Elizabeth Bowen: The Enforced Return

Paperback | February 21, 2008

byNeil Corcoran

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Elizabeth Bowen is a writer who is still too little appreciated. Neil Corcoran presents here a critical study of her novels, short stories, family history, and essays, and shows that her work both inherits from the Modernist movement and transforms its experimental traditions.Elizabeth Bowen: The Enforced Return explores how she adapts Irish Protestant Gothic as a means of interpreting Irish experience during the Troubles of the 1920s and the Second World War, and also as a way of defining the defencelessness of those enduring the Blitz in wartime London. She employsversions of the Jamesian child as a way of offering a critique of the treatment of children in the European novel of adultery, and indeed, implicitly, of the Jamesian child itself. Corcoran relates the various kinds of return and reflex in her work-notably the presence of the supernatural, but alsothe sense of being haunted by reading-to both the Freudian concept of the 'return of the repressed' and to T. S. Eliot's conception of the auditory imagination as a 'return to the origin'.Making greater interpretative use of extra-fictional materials than previous Bowen critics (notably her wartime reports from neutral Ireland to Churchill's government and the diaries of her wartime lover, the Canadian diplomat Charles Ritchie), Corcoran reveals how her fiction merges personal storywith public history. Employing a wealth of original research, his radical new readings propose that Bowen is as important as Samuel Beckett to twentieth-century literary studies--a writer who returns us anew to the histories of both her time and ours.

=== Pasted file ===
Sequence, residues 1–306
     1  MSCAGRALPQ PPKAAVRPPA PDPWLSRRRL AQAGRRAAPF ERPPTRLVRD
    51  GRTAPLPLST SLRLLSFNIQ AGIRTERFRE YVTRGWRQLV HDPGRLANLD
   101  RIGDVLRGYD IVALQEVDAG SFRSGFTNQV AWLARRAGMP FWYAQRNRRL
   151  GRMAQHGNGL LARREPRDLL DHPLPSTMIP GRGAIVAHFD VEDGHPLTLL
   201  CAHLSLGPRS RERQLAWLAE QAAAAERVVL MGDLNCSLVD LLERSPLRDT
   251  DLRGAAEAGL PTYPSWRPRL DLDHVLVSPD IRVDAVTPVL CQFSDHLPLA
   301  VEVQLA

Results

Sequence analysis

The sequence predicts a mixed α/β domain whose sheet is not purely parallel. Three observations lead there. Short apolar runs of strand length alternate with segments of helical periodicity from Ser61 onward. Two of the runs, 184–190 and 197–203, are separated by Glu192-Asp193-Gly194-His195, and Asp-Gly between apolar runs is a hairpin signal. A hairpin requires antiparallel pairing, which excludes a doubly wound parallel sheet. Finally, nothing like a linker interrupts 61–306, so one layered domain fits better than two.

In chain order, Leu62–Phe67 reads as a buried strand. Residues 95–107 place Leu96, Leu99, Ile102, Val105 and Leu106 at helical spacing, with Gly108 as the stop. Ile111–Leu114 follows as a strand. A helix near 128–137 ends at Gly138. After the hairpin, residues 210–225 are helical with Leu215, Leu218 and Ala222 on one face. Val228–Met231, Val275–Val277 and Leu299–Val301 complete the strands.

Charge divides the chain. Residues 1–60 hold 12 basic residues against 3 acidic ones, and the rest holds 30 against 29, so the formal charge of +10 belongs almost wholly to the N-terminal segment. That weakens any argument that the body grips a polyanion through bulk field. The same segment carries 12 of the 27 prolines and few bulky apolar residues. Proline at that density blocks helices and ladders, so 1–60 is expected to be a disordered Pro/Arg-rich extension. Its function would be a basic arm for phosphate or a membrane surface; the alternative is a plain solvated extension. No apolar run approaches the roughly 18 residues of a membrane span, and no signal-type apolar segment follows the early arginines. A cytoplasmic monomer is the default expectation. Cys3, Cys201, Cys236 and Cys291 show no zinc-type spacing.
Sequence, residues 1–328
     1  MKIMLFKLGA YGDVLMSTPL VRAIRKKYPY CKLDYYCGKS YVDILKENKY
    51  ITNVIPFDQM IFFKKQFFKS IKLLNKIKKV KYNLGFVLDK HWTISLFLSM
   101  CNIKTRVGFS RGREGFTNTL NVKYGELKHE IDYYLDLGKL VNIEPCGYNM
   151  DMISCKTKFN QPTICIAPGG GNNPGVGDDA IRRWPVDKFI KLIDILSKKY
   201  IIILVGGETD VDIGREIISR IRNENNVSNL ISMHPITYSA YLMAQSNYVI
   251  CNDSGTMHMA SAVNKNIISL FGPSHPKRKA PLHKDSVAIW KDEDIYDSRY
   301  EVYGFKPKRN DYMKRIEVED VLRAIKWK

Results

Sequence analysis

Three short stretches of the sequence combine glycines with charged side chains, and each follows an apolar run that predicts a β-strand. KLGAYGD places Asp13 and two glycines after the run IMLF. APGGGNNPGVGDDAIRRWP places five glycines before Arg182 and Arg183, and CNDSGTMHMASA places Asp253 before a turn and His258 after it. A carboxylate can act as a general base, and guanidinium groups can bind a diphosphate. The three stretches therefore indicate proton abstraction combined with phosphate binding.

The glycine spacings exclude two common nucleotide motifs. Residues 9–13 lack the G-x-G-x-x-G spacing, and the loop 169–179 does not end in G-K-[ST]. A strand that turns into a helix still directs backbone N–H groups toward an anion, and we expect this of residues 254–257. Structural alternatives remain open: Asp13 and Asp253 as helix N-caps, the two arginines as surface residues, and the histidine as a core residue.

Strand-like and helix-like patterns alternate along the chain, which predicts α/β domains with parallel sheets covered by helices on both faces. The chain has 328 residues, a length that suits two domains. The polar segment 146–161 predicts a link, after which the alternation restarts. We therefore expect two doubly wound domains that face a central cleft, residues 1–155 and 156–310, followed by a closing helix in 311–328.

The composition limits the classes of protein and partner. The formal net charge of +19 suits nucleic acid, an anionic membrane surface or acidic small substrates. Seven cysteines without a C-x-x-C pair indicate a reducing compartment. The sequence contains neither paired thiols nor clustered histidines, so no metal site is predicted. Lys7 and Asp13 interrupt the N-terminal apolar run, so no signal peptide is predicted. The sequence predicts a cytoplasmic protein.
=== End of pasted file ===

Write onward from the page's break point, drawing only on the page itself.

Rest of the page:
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Elizabeth Bowen is a writer who is still too little appreciated. Neil Corcoran presents here a critical study of her novels, short stories, family history, and essays, and shows that her work both inherits from the Modernist movement and transforms its experimental traditions.Elizabeth Bowen: The Enforced Return explores how she adapts...

Neil Corcoran is King Alfred Professor of English at the University of Liverpool.

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Format:PaperbackDimensions:220 pages, 8.5 × 5.43 × 0.51 inPublished:February 21, 2008Publisher:Oxford University PressLanguage:English

The following ISBNs are associated with this title:

ISBN - 10:0199532133

ISBN - 13:9780199532131

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Table of Contents

Introduction1. Ireland1. The Ghost in the House: 'Bowen's Court' (1942) and 'The Back Drawing-Room' (1926)2. Discovery of a Lack: 'The Last September' (1928)3. A Gost of Style: 'A World of Love' (1955)2. Children1. Mother and Child: 'The House in Paris' (1935)2. Motherless Child: 'The Death of the Heart' (1938)3. Childless Mother: The Disfigurations of 'Eve Trout or Changing Scenes'3. War1. Words in the Dark: 'The Demon Lover and Other Stories'2. War's Stories: 'The Heat of the Day' (1946) and its Contexts

Editorial Reviews

`Insightful. [Corcoran] is eloquent throughout on two of the strongest strains in Bowens work: her hauntedness, and what he calls the gift or pain or dislocation of living between Ireland and England.'New York Times Book Review